plt.legend()
plt.show()
```

Output:

As you can see, both models predicted the output values really well. We will also calculate the R-square score.

```
# calculating the r score
print('R score of lightGBM :', r2_score(y_test, reg_pred))
print('R score of XGBoost :', r2_score(y_test, xgboost_pred))
```

Output:

As you can see, the R-square score of lightGBM is slightly higher than the XGBoost which means the predictions of the lightGBM are closer to the actual values than the predictions of the XGBoost.

### LightGBM vs Gradient Boosting algorithm

Now, we will compare the LightGBM model with the Gradient boosting algorithm. We assume that you already have been through the article about gradient boosting algorithms and have a solid understanding of their work. You can check the working, implementation, and hyperparameter tuning of the Gradient boosting algorithm from the article gradient boosting algorithm using Python.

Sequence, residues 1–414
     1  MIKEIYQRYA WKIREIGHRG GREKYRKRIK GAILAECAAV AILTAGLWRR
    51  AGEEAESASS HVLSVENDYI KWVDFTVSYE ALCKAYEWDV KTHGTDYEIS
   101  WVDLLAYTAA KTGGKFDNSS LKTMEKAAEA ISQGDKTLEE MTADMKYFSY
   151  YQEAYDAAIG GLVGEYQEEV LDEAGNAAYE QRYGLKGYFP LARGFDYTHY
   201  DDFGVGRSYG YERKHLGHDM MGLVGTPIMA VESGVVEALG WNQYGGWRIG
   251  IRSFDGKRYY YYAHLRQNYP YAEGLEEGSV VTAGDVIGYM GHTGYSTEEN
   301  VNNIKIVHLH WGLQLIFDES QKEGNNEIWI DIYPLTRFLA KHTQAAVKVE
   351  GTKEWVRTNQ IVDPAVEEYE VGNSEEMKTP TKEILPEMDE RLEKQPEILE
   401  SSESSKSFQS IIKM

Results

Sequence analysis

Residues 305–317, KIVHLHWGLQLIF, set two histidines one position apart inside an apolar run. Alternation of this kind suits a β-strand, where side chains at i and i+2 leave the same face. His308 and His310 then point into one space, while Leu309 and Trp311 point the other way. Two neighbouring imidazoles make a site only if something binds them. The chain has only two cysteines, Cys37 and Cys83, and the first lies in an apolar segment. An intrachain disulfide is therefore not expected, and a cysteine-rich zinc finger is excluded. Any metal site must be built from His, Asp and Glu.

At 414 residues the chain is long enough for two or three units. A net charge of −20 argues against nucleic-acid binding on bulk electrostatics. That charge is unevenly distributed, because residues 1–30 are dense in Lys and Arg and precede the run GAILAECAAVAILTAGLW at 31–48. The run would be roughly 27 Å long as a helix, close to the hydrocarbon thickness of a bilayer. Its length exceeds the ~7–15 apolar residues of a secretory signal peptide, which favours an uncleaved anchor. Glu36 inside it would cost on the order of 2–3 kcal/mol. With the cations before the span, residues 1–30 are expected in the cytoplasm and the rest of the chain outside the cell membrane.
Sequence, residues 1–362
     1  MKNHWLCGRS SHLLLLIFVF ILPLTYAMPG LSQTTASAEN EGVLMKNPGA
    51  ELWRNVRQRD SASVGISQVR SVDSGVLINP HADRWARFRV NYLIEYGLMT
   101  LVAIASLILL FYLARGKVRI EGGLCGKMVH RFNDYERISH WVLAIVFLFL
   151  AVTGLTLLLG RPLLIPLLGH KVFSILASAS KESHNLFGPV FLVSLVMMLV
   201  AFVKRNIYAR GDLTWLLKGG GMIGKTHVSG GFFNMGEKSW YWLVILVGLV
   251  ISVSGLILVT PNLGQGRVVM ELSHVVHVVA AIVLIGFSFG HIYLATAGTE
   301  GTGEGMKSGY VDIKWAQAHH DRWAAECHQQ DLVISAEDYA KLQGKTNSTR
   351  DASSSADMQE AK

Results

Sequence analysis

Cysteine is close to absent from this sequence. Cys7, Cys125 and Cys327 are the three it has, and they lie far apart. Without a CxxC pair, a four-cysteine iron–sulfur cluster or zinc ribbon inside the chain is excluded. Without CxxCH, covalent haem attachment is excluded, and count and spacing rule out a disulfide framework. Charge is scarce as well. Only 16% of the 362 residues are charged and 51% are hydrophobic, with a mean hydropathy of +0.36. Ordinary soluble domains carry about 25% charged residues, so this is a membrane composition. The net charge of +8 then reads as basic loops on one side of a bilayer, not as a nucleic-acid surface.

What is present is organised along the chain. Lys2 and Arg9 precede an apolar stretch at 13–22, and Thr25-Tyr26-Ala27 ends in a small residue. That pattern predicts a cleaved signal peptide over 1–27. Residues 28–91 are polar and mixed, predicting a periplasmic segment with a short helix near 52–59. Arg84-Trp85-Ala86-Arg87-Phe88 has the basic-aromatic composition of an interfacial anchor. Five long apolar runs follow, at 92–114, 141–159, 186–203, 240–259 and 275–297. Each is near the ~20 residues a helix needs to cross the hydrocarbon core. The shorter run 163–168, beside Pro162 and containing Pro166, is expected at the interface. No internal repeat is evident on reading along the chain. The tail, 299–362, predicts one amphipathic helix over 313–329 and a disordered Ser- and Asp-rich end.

We have to do one data preprocessing step before training the Gradient boosting algorithm. As we had null values in our dataset, the Gradient boosting algorithm cannot handle null values so, we have to remove them from the dataset before training the model.

Let us import the Gradient boosting algorithm and train the model using the training dataset.

```
# importing the regressor
from sklearn.ensemble import GradientBoostingRegressor
# training the model with 2 iterations
GB_rgsr=GradientBoostingRegressor()
# training the model
GB_rgsr.fit(X_train,y_train)
# making the predictions
GB_predict=GB_rgsr.predict(X_test)
```

Let us again visualize the predictions of the LightGBM and Gradient boosting algorithm.

```
# figure size
plt.figure(figsize=(12, 8))
# acutal values
plt.plot([i for i in range(len(y_test))],y_test, label="actual values")
# predicted values
plt.plot([i for i in range(len(y_test))],reg_pred, c='m',label="LightGBM")
# predicted values
plt.plot([i for i in range(len(y_test))],GB_predict, c='g',label="Gradient boost")
plt.legend()
plt.show()
```

Output: